Object: Pisupo lua afe (Corned beef 2000)
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|Title||Pisupo lua afe (Corned beef 2000)|
Tuffery, Michel (sculptor), 1994, Wellington
x 650mm (Width)
x 1150mm (Height)
|Credit line||Purchased 1995 with New Zealand Lottery Grants Board funds|
Pisupo lua afe (Corned Beef 2000) is a sculpture of a small cattle beast. It is made from flattened corned beef tins that have been joined together with dozens of rivets. It was first exhibited in the landmark exhibition Bottled Ocean curated by Jim Vivieaere at the City Gallery, Wellington, New Zealand, in 1994.
New food, new word
In the 1960s, former Chief Justice of Samoa C C Marsack wrote that 'when Samoans were first introduced to the wonder of tinned food, this was in the form of pea soup. As no Samoan word can end in a consonant, they tacked an "o" on the end and made the Samoan form of the English term pisupo, pronounced pea-soup-o. As time wore on and other edible matter arrived in tins, the generic term pisupo was used for all of it. Now it is more or less confined to tinned meat.'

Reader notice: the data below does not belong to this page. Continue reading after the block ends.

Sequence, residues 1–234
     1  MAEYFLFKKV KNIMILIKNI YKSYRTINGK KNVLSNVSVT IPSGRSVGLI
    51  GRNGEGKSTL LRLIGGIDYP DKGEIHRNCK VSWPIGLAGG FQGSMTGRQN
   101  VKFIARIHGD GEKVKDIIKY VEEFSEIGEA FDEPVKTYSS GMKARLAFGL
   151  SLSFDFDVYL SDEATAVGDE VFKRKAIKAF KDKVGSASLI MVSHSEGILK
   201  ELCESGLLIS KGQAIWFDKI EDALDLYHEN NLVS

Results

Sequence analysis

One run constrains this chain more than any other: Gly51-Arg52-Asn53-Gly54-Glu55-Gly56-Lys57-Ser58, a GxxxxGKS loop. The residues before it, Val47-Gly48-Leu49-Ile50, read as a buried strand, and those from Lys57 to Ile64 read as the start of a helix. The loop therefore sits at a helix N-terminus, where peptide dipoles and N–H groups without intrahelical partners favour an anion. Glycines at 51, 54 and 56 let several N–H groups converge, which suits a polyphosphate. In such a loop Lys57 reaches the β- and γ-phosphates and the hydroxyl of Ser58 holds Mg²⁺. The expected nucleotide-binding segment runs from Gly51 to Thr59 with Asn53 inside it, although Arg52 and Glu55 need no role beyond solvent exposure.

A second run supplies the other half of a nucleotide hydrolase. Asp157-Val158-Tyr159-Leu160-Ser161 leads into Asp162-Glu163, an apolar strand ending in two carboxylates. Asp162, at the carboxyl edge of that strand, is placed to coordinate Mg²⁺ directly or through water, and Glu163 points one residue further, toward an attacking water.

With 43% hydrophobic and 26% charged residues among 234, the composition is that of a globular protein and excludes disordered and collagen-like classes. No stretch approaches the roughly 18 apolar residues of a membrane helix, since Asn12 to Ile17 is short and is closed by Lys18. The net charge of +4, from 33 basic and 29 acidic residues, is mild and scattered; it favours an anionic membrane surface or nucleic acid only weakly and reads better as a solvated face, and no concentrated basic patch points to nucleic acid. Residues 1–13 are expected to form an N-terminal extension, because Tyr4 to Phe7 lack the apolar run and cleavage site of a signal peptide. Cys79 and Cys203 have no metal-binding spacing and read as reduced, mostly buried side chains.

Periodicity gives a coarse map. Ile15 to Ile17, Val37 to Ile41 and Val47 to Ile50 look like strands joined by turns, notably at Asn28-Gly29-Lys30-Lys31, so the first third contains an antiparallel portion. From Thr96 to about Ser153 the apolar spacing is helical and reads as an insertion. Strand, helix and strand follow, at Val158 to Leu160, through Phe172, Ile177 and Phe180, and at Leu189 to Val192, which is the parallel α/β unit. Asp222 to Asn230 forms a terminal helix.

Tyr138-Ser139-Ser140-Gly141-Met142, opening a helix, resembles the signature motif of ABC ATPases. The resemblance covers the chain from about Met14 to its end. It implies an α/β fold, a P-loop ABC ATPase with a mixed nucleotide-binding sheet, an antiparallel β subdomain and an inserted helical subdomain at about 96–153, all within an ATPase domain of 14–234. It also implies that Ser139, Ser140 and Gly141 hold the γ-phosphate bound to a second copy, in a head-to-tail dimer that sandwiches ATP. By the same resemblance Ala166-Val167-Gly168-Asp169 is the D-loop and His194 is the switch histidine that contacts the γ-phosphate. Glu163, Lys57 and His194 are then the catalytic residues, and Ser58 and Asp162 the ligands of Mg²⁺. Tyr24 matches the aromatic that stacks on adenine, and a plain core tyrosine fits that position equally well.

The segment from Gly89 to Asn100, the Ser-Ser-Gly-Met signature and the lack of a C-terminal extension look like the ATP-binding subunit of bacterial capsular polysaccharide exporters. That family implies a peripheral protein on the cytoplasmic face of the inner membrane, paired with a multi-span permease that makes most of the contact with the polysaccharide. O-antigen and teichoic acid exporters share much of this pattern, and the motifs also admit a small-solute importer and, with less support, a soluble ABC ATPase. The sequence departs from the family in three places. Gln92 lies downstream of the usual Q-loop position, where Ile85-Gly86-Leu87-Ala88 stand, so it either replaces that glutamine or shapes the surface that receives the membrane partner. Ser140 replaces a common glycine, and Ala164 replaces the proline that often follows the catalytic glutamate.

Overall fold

For decades, pisupo has been a prestige food item eaten and gifted at feasts, weddings, funerals, and other special occasions in Samoan society. In this artwork, New Zealand artist Michel Tuffery comments on how an imported product has replaced local Pacific Island foods used in feasts and gift giving. Like many artists of Pacific descent living in New Zealand, the wider Pacific and its history are recurring themes in his work. Through Pisupo lua afe, Tuffery asks questions about the effects colonial economies have had on Pacific peoples and whether foreign intervention actually encourages independence or fosters dependency.
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